For some, the idea of business as mission -- operating a real business with the Kingdom purpose to see lives transformed and God glorified -- seems novel and perhaps even suspect. Marc spoke with one person who suggested that BAM missionaries either focus too much on the business and neglect the ministry, or focus too much on the ministry and neglect the business. Yet do we suspect the same difficulty for the missionary doctor or missionary pilot? Will the physician focus too much on the medical practice and neglect the Gospel? Or will the pilot focus too much on the Gospel and neglect the aviation operations?
Empowered by the Spirit, the businessman will use his skills to care for his employees, vendors, customers, and others in the community. As he operates his business with fairness and integrity he will be an example of Godliness in the midst of greed and corruption. And in all his relationships he will seek to proclaim the Gospel in word and deed. This is the example of the men and women of Acts 8:4, and this really should be the ordinary experience for us today. "Ordinary people doing ordinary things with Gospel intentionality."
As noted above, less than 1% of Greeks are evangelical Christians. More hands are needed to do the great work of calling Greece to a personal relationship with Jesus Christ. And given the prejudice against those who are not Eastern Orthodox, the most promising means of making disciples is by taking the Gospel to the agora. Opening a coffeehouse would enable us to provide employment and mentorship to young Christians. With it we would create a space in the community that not only models Christian ethics but also promotes a Christian worldview. Through it we would develop relationships within which we might share the Gospel.
Doctors and pilots who are called to the mission field often need more than just training and experience in their professions. If they are going long-term they will need to learn the language. They may also need to provide for accompanying family members. And they will certainly need proper equipment and facilities to carry out their work. All these things require financial resources that most doctors and pilots do not have personally. And this is where others are given the opportunity to make an investment in eternity.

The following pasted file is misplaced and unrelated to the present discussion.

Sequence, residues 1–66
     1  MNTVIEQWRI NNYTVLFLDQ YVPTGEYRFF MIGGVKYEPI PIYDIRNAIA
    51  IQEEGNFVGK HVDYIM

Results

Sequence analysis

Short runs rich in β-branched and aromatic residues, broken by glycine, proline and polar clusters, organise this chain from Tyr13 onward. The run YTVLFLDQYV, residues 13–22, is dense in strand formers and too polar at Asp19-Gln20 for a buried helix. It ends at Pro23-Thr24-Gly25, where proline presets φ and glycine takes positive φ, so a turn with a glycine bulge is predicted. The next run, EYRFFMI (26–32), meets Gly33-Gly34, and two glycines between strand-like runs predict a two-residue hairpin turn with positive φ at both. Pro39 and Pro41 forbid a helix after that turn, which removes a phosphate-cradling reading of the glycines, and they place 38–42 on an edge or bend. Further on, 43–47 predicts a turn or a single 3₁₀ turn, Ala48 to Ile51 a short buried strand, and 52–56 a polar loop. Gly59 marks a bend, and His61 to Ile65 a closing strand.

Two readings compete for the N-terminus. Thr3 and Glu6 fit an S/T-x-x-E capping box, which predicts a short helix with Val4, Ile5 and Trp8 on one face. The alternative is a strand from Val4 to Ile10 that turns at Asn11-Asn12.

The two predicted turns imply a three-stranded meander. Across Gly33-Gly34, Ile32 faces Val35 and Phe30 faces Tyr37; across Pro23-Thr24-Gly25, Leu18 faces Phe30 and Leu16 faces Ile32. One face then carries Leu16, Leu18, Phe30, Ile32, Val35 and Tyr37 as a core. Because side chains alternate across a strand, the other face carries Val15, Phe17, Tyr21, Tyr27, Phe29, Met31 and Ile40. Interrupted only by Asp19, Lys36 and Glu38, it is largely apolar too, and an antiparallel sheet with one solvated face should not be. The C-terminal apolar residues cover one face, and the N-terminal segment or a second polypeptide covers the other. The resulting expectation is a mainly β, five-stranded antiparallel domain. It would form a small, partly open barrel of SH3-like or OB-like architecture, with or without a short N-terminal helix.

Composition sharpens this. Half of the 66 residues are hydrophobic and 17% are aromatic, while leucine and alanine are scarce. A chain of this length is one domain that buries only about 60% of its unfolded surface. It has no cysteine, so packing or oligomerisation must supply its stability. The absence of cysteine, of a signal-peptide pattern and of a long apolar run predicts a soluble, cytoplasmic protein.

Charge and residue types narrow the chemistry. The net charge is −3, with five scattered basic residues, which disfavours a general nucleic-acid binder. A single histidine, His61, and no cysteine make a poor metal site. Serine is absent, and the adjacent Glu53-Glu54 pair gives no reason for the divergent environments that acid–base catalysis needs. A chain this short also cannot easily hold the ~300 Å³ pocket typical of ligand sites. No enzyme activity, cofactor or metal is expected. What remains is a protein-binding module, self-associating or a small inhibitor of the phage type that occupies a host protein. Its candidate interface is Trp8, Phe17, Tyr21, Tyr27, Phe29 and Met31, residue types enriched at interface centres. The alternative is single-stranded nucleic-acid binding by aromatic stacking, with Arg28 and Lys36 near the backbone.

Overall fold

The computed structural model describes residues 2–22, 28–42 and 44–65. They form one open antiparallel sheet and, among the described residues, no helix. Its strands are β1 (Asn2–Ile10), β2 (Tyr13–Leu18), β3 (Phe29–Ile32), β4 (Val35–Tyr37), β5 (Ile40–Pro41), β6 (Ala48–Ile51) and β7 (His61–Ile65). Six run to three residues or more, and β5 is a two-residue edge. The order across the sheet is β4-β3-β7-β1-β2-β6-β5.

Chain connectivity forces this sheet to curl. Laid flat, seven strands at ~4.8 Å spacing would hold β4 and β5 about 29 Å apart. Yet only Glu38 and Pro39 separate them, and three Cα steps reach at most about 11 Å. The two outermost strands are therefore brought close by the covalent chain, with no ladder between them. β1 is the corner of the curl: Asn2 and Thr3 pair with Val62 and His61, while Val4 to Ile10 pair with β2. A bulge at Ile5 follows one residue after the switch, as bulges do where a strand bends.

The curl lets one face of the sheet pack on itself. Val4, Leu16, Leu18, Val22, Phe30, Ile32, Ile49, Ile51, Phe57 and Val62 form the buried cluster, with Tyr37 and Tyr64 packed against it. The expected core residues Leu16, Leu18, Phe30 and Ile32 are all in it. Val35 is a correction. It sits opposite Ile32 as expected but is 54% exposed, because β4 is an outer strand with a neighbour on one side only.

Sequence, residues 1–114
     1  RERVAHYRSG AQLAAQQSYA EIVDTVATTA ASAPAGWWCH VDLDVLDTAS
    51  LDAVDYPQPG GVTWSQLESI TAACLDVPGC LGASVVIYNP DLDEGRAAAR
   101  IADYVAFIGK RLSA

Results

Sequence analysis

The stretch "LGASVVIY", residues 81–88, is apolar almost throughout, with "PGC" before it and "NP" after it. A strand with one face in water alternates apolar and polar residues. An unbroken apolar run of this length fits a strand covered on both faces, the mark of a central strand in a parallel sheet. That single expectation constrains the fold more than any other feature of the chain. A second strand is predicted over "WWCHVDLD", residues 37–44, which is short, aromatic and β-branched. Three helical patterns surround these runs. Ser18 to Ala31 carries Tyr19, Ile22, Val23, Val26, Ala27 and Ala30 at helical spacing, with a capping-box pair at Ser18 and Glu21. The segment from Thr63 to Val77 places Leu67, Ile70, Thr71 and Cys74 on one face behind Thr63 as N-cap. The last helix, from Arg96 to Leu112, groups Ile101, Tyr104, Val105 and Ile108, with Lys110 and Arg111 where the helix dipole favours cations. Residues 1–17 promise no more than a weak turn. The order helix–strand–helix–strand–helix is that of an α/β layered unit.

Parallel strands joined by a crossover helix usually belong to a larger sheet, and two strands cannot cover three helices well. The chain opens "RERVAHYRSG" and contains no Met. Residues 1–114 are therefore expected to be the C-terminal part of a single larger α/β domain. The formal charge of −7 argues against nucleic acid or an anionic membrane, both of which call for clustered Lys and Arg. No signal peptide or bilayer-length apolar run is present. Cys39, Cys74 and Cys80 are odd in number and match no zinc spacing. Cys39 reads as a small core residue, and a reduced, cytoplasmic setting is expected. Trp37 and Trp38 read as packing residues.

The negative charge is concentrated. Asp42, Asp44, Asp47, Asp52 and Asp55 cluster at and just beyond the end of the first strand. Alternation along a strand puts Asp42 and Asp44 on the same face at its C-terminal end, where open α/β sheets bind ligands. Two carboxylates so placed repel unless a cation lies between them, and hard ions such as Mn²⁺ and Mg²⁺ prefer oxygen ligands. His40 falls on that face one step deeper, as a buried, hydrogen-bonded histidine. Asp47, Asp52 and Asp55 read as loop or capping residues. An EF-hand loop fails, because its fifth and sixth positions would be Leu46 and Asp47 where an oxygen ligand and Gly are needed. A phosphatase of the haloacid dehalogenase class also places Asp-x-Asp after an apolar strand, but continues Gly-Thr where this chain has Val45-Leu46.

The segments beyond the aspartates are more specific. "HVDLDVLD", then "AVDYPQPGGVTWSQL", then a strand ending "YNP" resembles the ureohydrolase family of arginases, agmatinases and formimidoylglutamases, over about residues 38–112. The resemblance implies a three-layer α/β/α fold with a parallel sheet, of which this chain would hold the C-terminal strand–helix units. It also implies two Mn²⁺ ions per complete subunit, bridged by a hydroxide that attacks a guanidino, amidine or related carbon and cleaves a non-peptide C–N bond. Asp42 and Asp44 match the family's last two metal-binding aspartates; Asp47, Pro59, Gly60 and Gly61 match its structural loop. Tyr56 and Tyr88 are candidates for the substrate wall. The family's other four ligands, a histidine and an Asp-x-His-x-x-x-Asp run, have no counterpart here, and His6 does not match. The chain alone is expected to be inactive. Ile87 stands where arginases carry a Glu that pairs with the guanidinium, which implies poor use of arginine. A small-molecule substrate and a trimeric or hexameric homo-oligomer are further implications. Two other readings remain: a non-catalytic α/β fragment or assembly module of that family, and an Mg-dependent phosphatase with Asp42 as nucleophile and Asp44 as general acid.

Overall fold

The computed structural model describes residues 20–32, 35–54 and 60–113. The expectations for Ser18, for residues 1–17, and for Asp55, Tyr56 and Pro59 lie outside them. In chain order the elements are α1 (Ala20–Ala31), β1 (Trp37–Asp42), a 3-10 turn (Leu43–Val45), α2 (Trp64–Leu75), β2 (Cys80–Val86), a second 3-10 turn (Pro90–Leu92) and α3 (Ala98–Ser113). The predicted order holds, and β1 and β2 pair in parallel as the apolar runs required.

As Greece emerges from economic crisis and begins the process of recovery, Marc's training (a law degree and master in international business degree) and 20 years of relevant work experience could be of great help. However, we lack the personal resources to make this vision happen on our own. In order to relocate our family to Greece and start the process of assimilating so that we can be effective in ministry, we need financial partners. TEAM has established a budget for us that will support our family as we integrate into serving with the Greek Evangelical Church and other ministries.
Launching a coffeehouse will require additional investment, though the vision is to create something that will eventually be sustainable. We see the coffeehouse as a viable strategy not only for creating a Godly presence in the marketplace, but also for providing meeting space for new church plants and evangelistic ministries. Furthermore, we believe it's a strategy that can be utilized in urban centers around the world, and perhaps especially well in restricted-access countries.
This is the vision that God has given to us. If you think this vision might resonate with your church or others you know, we would greatly appreciate you introducing us to them. We've seen how God has used the shop where Marc works for discipleship and church planting. And we can point to numerous other examples here in the States and abroad.
We can't thank you enough for your continued prayer and support!
After trying to manage the trouble with her gallbladder (hoping to avoid surgery), Denise finally gave in and had her gallbladder removed in early August. God was gracious and brought her through the procedure without complications. Post-surgical pain slowed her down for a while, but she was still able to get the kids ready for the start of school on time. We can't thank you enough for your prayers!
Marc and Denise
TEAM - Greece